An application of belief-importance theory with reference to the Big Five and trait emotional intelligence

K. V. Petrides1
1University College London, United Kingdom
Cite this article:  Petrides, K. V. (2010). An application of belief-importance theory with reference to the Big Five and trait emotional intelligence. Social Behavior and Personality: An international journal, 38(5), 697-710.

Volume 38 Issue 5 | e2018 | Published: June 2010 | DOI: https://doi.org/10.2224/sbp.2010.38.5.697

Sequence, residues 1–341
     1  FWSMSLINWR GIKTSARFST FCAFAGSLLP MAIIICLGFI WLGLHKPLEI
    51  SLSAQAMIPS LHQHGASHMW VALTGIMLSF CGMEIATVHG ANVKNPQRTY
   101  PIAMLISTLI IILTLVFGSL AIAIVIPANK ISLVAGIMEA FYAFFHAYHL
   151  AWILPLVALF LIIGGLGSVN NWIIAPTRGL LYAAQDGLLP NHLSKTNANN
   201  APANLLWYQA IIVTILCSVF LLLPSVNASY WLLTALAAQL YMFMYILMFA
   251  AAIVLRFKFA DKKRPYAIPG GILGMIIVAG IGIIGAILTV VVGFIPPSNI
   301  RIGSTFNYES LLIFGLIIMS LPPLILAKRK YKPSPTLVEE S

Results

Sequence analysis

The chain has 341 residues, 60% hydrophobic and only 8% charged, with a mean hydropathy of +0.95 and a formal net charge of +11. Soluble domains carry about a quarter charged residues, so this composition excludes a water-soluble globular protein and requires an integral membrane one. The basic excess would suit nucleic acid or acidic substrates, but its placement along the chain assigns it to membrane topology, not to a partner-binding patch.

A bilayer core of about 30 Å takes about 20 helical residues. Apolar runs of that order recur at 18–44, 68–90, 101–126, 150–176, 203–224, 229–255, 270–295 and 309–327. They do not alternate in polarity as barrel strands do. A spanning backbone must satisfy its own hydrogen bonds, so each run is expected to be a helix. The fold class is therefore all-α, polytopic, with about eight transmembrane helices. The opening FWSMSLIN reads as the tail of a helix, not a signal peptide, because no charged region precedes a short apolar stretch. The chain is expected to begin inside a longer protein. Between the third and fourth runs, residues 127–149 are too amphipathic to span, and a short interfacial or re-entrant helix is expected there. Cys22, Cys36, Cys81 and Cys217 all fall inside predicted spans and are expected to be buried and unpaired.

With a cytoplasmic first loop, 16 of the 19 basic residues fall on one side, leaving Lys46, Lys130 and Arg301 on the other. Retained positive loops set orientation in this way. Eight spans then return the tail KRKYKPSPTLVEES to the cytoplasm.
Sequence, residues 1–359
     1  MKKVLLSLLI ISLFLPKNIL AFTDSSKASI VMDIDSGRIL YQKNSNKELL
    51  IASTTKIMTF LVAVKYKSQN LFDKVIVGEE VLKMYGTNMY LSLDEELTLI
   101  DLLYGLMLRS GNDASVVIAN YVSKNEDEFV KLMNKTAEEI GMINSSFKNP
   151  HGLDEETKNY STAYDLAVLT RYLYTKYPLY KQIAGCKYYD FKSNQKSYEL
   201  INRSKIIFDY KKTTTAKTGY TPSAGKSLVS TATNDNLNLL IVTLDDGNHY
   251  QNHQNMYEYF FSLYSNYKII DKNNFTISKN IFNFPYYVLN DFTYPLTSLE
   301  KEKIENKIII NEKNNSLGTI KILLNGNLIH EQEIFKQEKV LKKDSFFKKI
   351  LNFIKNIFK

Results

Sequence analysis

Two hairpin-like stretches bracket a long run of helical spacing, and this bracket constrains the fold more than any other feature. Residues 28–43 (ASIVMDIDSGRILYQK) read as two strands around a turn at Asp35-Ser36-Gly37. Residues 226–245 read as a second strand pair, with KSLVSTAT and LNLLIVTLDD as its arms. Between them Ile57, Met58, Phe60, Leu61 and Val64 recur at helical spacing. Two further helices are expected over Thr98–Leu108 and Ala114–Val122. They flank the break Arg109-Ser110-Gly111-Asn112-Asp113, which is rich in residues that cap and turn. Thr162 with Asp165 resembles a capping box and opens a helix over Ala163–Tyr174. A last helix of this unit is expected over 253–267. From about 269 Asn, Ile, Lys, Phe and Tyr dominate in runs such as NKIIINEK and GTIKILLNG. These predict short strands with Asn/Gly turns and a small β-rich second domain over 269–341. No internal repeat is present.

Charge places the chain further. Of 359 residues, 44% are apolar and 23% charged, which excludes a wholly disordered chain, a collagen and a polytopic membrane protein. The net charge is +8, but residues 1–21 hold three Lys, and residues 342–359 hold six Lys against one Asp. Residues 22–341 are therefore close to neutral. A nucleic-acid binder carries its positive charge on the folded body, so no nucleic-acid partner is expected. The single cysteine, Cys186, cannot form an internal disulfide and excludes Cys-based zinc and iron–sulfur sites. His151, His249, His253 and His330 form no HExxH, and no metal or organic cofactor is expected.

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In this article the basic principles of belief-importance (belimp) theory are described, according to which it is hypothesized that personality traits confer a propensity to perceive convergences and divergences between an individual’s belief that he/she can attain certain goals and the importance that he/she places on these goals. Belief and importance are conceptualized as 2 coordinates, together defining the belimp plane. Within the belimp plane 4 distinct quadrants can be identified (hubris, motivation, depression, and apathy) and in the present study (N = 532) the hypothesis is tested that these broadly correspond to the personality dimensions of trait emotional intelligence, conscientiousness, neuroticism, and introversion. Twelve specific hypotheses were advanced, of which 10 were fully borne out by the data and 2 partially. The results are interpreted with emphasis on the theoretical and practical advantages of belimp theory.

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